Before settling on the look used in the film, the original headgear created for the Green Goblin was an animatronic mask created by Amalgamated Dynamics.
One concept costume designer James Acheson became fond of was the idea of having a red emblem over a black costume. Another, which would eventually lead to the final product, featured an enlarged logo on the chest and red stripes going down the sides of the legs. To create Spider-Man's costume, Maguire was fitted for the skintight suit, being covered with layers of substance to create the suit's shape. It was designed as a single piece, including the mask. A hard shell was worn underneath the mask to make the shape of the head look better and to keep the mask tight while keeping the wearer comfortable. For scenes where he would take his mask off, there was an alternate suit where the mask was a separate piece. The webbing, which accented the costume, was cut by computer. The mask eye lenses were designed to have a mirror look.
Visual effects supervisor John Dykstra was hired to produce the film's visual effects in May 2000. He convinced Raimi to make many of the stunts computer-generated, as they would have been physically impossible. Raimi had used more traditional special effects in his previous films and learned a lot about using computers during production. Raimi worked hard to plan all the sequences of Spider-Man swinging from buildings, which he described as, "ballet in the sky." The complexity of such sequences meant the budget rose from an initially planned $70 million to around $100 million. Shots were made more complicated because of the main characters' individual color schemes, so Spider-Man and the Green Goblin had to be shot separately for effects shots: Spider-Man was shot in front of a greenscreen, while the Green Goblin was shot against bluescreen. Shooting them together would have resulted in one character being erased from a shot.
Dykstra said the biggest difficulty of creating Spider-Man was that as the character was masked, it immediately lost a lot of characterization. Without the context of eyes or mouth, a lot of body language had to be put in so that there would be emotional content. Raimi wanted to convey the essence of Spider-Man as being, "the transition that occurs between him being a young man going through puberty and being a superhero." Dykstra said his crew of animators had never reached such a level of sophistication to give subtle hints of still making Spider-Man feel like a human being. When two studio executives were shown shots of the computer generated character, they believed it was actually Maguire performing stunts. In addition, Dykstra's crew had to composite areas of New York City and replaced every car in shots with digital models. Raimi did not want it to feel entirely like animation, so none of the shots were 100% computer-generated. Some of the software used for the visual effects were Autodesk Maya.
teaser poster, which was recalled from theatres following 9/11
(the World Trade Center
is reflected in Spider-Man's eyes)
After the terrorist attacks in the United States on September 11, 2001, Sony had to recall teaser posters which showed a close-up of Spider-Man's head with the New York skyline (including, prominently, the World Trade Center towers) reflected in his eyes. The film's original teaser trailer, released in 2001, featured a mini-film plot involving a group of bank robbers escaping in a Eurocopter AS355 Twin Squirrel helicopter, which gets caught from behind and propelled backward into what at first appears to be a net, then is shown to be a gigantic spider web spun between the World Trade Center towers. The trailer was attached to theatrical screenings of Jurassic Park III, American Pie 2, and Planet of the Apes. According to Sony, the trailer did not contain any actual footage from the film itself. The trailer and poster both were pulled after the events of the attacks, but can be found online. A new trailer deemed acceptable by Sony Pictures was later released online on December 15, 2001. Raimi later stated that the scene was, in fact, originally in the film but removed due to the recency of the attacks.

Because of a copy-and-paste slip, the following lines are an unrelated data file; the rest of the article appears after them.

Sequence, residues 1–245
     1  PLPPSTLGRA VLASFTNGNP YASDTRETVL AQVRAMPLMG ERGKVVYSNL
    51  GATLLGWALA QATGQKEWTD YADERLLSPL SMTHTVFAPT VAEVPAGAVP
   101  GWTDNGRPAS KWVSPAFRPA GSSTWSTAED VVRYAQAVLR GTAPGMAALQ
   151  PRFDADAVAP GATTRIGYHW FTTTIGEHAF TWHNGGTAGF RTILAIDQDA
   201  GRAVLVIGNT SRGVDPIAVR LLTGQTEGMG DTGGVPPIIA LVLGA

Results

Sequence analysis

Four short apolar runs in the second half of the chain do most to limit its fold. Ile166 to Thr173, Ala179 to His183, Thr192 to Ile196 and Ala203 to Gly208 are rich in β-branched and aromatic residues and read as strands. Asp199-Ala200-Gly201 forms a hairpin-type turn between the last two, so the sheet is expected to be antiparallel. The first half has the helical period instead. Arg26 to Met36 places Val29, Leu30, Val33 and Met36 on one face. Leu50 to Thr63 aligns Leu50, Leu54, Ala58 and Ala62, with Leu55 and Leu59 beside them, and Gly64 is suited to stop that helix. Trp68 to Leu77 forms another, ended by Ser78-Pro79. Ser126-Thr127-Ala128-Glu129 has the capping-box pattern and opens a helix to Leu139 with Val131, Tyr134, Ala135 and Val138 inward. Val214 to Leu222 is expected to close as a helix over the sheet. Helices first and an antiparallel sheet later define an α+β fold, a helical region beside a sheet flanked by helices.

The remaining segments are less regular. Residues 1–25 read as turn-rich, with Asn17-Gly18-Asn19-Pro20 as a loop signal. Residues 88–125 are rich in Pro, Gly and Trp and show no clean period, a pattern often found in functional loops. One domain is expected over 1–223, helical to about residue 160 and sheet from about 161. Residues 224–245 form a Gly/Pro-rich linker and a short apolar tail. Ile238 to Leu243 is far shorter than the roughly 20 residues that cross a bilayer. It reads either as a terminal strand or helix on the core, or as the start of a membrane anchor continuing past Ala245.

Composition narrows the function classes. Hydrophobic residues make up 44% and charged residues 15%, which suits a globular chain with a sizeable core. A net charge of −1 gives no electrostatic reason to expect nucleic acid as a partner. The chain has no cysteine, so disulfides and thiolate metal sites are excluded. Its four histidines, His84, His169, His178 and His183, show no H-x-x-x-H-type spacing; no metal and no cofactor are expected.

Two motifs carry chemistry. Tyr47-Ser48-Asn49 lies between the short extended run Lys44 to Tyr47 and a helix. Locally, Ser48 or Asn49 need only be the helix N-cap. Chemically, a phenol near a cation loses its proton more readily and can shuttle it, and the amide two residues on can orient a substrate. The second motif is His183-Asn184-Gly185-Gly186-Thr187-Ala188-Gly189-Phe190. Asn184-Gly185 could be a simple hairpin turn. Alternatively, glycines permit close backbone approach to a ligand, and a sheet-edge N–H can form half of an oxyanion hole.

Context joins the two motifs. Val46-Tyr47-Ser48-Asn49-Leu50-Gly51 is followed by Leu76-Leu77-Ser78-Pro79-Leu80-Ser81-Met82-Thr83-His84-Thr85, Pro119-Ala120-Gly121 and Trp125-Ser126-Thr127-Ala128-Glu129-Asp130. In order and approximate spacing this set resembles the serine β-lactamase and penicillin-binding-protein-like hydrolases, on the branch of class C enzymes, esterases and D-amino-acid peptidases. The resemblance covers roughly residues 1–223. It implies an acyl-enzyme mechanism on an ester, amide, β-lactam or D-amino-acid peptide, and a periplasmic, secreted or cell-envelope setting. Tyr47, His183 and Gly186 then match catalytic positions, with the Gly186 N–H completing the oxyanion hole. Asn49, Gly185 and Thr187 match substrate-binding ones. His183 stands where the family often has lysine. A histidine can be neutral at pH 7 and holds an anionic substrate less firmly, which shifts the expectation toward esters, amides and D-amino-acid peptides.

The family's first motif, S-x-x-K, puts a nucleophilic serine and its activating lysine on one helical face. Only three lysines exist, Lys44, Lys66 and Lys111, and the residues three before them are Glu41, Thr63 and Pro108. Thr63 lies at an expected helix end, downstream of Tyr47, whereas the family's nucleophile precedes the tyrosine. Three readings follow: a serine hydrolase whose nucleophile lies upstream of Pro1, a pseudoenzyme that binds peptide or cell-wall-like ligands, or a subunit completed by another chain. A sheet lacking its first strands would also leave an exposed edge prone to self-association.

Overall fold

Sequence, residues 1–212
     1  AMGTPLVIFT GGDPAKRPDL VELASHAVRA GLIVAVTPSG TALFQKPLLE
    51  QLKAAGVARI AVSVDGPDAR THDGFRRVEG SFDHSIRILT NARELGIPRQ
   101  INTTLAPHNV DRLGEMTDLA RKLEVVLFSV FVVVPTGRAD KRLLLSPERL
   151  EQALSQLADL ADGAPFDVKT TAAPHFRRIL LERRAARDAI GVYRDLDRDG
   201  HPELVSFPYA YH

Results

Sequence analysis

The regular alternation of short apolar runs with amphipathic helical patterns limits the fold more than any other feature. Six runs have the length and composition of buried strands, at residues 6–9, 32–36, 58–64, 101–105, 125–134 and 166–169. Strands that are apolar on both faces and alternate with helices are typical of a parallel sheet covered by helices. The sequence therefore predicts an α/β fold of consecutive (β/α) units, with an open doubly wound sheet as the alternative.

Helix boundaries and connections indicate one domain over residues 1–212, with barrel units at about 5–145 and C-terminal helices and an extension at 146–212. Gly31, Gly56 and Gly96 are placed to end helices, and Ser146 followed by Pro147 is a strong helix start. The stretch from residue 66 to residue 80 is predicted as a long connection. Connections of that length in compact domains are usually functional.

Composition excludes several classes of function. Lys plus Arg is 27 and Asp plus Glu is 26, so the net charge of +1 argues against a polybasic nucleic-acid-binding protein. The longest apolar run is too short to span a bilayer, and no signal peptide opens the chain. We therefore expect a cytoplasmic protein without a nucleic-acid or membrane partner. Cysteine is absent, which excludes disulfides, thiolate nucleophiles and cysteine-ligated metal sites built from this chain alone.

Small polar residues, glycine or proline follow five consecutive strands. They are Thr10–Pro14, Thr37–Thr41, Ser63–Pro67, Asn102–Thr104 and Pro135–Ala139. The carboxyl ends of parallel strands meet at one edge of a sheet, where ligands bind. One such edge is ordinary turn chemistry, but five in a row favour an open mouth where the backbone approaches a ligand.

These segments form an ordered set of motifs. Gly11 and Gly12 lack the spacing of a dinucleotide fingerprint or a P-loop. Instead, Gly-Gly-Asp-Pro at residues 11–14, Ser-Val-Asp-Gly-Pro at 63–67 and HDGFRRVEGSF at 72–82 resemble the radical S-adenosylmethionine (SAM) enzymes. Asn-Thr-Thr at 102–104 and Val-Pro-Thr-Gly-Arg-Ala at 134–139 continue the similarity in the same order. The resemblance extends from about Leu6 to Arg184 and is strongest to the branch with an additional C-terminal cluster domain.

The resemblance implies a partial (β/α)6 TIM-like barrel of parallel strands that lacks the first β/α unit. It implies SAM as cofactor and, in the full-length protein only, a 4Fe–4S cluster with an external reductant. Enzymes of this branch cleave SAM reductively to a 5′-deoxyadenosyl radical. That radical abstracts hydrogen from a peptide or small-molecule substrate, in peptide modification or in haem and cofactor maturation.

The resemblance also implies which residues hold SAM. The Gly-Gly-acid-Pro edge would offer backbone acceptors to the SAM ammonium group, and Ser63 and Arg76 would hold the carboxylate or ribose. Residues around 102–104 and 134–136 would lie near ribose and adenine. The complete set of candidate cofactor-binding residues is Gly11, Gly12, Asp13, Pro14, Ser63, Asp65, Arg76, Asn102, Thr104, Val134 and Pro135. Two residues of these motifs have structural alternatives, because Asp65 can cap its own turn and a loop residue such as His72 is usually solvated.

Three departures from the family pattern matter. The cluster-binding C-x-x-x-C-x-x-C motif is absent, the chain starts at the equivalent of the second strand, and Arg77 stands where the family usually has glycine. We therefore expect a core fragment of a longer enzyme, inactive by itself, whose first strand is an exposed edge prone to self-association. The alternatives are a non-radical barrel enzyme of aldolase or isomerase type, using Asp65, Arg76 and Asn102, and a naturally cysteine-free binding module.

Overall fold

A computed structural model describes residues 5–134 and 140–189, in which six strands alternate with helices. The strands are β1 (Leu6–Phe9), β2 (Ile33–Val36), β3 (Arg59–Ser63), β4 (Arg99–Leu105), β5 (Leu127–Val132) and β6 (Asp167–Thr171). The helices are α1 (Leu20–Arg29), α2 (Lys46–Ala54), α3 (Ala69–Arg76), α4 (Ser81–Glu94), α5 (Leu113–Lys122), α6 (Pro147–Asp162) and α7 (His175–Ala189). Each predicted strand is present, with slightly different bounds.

Before the film's British theatrical release in June 2002, the British Board of Film Classification (BBFC) gave the film a "12" certificate. Due to Spider-Man's popularity with younger children, this prompted much controversy. The BBFC defended its decision, arguing that the film could have been given a "15". Despite this, North Norfolk and Breckland District Councils, in East Anglia, changed it to a "PG", and Tameside council, Manchester, denoted it a "PG-12". The U.S. rated it "PG-13" for "stylized violence and action". In late August, the BBFC relaxed its policy to "12A", leading Sony to re-release the film.
Spider-Man was released on DVD and VHS on November 1, 2002 in the North America and Australia, the UK on November 25, 2002. A Blu-ray release was followed on July 5, 2011. Spider-Man was also included in the Spider-Man Legacy Collection, which includes 5 Spider-Man films in a 4K UHD Blu-ray collection, which was released on October 17, 2017.
The film's American television rights (Fox, TBS/TNT) were sold for $60 million. Related gross toy sales were $109 million. Its American DVD revenue by July 2004 was $338.8 million. Its American VHS revenue by July 2004 was $89.2 million. As of 2006, the film has grossed a total revenue of $1.5 billion from box office and home video (sales and rentals), in addition a further $880 million from television (pay-per-view, broadcast TV and cable TV).